Prisoners of the Sun (also known as Blood Oath) is the story of the aftermath of World War II on a remote Indonesian island known as Ambon, located north of Australia. With the war over Australian soldiers are left to man a small prisoner of war camp, as they put on trial Japanese soldiers who have allegedly taken uncivilized actions against captured Australian soldiers. Before the Japanese surrendered at the end of the war, Ambon had been an island occupied by the Japanese where 1100 captured Australian soldiers were kept, by the end of the war that number had dropped to under 300, a result of the torture and mass murders committed by the Japanese on their POW's.
Captain Cooper (Byran Brown) of the Australian army is sent to act as the army's prosecutor in the crimes against the two highest profile Japanese officers, Vice-Admiral Baron Takahashi (George Takei) and Captain Ikeuchi. Though it's quickly clear neither man will admit to any knowledge of mistreatment of their prisoners, even though the recent discovery of a massive grave of 300 bodies is blatant evidence against them. Also it appears prosecuting Takahashi will be near impossible as the US Army sends one of their men, Major Beckett (Terry O'Quinn), to make sure Takahashi is acquitted since it is the opinon of the United States that Takahashi is more useful alive in seeking justice for the world than dead for the treatment of Australian POW's. Cooper must now try to mount an insurmountable case against Takahashi and Ikeuchi to have some justice rewarded in the name of the hundreds of tortured and executed Australian soldiers, unfortunately Cooper will soon realize sometimes justice is bittersweet.
Prisoners of the Sun is, as most historical based films are, loosely based on actual events. From what little I have read of the actual events Baron Takahashi was never present at the trials held on Ambon, so that lends oneself to question what else in the film is not necessarily accurate. At any rate the acts of the Japanese during WWII are certainly well known and this film clearly represents the shear brutality and merciless nature shown by their army and leaders. Prisoners of the Sun boasts the talent of many recognizable actors; mainly starring Bryan Brown (a well recognized Australian actor), and small roles by George Takei (of Star Trek fame), Terry O'Quinn (John Locke from LOST) and of course Russell Crowe, who is presumably the number one reason most people would watch this film.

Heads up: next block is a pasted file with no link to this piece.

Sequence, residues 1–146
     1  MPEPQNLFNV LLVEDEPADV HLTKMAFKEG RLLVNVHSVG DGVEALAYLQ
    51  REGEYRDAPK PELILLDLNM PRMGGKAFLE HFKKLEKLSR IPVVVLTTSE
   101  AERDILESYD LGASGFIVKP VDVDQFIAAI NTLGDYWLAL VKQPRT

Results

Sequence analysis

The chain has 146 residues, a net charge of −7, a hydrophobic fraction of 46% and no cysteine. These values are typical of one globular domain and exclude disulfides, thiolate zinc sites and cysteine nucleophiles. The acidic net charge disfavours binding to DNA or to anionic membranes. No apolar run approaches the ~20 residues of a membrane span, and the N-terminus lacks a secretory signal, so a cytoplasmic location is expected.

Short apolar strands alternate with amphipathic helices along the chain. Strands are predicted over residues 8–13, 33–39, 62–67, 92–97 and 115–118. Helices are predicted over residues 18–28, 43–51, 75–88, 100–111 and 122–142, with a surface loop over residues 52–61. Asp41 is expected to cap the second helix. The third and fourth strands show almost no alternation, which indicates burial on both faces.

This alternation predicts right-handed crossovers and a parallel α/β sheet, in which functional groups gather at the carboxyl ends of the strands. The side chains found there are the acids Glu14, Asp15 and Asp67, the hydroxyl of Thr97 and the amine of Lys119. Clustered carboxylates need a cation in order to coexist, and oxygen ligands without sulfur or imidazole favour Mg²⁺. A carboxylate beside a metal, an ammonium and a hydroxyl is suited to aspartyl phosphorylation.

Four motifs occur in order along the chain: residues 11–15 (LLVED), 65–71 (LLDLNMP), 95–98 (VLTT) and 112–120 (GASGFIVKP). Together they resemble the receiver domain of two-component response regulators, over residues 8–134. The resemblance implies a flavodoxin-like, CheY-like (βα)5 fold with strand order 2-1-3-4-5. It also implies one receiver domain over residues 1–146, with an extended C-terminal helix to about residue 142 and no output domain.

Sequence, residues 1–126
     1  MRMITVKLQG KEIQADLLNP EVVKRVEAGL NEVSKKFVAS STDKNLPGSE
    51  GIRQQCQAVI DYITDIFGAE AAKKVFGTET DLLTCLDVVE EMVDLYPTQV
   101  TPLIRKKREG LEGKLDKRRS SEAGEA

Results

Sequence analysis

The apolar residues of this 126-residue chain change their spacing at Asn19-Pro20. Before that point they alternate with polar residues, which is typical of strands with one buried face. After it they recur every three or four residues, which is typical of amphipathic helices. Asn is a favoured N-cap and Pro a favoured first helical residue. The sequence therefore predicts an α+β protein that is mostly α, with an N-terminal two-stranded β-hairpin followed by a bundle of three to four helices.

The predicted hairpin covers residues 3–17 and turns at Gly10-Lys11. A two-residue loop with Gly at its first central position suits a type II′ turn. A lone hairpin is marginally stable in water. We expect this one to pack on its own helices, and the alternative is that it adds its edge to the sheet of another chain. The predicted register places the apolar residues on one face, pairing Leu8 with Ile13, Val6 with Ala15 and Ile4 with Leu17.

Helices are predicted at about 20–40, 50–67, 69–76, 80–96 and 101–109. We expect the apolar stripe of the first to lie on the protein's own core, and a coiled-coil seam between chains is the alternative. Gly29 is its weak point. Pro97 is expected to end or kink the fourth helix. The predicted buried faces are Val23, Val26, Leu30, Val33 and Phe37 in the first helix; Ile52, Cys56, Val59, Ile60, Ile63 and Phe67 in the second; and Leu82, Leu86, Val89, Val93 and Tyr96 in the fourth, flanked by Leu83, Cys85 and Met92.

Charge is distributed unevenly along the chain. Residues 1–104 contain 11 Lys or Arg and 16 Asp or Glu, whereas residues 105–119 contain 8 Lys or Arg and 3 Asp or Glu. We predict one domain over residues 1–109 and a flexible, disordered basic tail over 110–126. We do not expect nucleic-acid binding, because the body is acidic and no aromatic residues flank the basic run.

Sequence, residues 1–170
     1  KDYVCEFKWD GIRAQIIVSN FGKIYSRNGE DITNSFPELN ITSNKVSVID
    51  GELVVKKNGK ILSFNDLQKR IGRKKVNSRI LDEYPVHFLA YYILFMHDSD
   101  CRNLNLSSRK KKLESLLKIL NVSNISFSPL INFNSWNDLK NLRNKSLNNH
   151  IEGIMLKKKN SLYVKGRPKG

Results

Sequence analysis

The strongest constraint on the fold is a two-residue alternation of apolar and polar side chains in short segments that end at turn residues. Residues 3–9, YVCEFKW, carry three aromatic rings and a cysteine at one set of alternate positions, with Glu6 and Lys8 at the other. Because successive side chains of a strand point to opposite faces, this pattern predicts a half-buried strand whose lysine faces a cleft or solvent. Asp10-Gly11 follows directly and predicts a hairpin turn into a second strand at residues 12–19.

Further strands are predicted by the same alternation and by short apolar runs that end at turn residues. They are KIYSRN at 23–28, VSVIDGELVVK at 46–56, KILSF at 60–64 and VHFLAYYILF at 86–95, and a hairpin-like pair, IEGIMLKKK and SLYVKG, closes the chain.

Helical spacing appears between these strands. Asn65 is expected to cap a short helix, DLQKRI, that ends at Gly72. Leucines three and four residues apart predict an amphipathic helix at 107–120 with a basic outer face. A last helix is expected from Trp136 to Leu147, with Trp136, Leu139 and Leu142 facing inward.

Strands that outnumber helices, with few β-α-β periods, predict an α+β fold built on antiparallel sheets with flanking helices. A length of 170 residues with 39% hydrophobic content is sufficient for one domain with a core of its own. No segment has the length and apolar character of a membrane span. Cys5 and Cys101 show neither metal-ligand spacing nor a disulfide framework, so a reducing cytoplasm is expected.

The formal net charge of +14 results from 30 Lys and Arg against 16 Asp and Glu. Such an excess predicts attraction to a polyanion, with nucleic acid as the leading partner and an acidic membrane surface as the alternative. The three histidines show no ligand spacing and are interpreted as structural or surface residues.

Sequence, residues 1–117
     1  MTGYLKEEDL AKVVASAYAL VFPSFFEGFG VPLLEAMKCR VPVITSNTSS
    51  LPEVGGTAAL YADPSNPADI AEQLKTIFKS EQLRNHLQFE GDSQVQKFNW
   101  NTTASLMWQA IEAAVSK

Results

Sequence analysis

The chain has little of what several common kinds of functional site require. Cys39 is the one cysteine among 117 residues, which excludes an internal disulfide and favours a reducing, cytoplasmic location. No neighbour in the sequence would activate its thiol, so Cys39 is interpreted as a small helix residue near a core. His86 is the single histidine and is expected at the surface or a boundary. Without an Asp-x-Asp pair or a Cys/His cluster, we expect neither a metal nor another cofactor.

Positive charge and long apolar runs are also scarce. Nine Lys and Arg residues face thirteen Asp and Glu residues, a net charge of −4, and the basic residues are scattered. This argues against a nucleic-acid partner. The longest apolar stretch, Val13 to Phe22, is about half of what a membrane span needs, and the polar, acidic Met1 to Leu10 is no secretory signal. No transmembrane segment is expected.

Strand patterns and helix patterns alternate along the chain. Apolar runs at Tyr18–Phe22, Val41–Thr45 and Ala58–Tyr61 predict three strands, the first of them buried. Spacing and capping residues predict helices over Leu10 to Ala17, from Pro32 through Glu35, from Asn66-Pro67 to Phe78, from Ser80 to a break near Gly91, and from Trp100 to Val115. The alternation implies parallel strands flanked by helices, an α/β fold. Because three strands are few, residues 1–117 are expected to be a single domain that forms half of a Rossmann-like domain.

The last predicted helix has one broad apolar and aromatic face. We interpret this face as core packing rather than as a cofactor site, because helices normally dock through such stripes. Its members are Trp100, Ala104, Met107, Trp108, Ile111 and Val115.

Crowe plays Lt. Corbett, the right hand man of Captain Cooper, but his screen time throughout the film is sporadic and brief. In regards to Russell's role I really can't comment on much more than that, it's a decent part for his first film endeavor and what little a role he has, he gives a solid performance. But if you're interest in watching this film purely for the sake of Russell Crowe, you'll probably be disappointed. Prisoners of the Sun is really a film for hardcore history buffs and courtroom drama fans. If you spend your week nights watching the barrage of Law & Order shows you'll probably enjoy this, it's Law & Order military style. I've never been a fan of the courtroom dramas, they tend to seem to be uneventful, slow moving, and solely focus on progressing through the motions of a trial.
Still the film discusses some interesting subject matter and enlightened me with some facts I did not know, such as Japanese soldiers being ordered to execute prisoners of their same rank, which also ended up being sort of a scapegoat for their superiors who ordered them to if ever brought to trial. Aside from those moments I ultimately found the story uneventful, twenty minutes into the film you know those on trial are guilty, as do the characters in the film, it's all simply a presentation of how screwed up the justice system can be in order to give blood thirsty animals a fair trial, which some can rightfully argue they don't deserve. The final half of the film then portrays how higher officers in the enemy army end up getting away with war crimes and having lower officers pay the price for them.
Overall, I don't regret watching Prisoners of the Sun, although I doubt I'll ever revisit it again. Crowe's appearance alone simply doesn't warrant a viewing and there are so many better war and post war films out there that I'd be hard pressed to recommend running out and renting this. But again, if you're a fan of war trials and courtroom dramas you might get a little bit of enjoyment out of this, or at least find it interesting, still don't expect a masterfully told story. With that said I still feel this film deserves some credit, the acting is well done, and while the story isn't as engrossing as I would have liked I was able to sit through it and not feel overwhelmingly bored. In the end, Prisoners of the Sun shouldn't be a film you'll regret watching if you do decide to give it a shot, although it's probably a film you'll quickly forget soon after.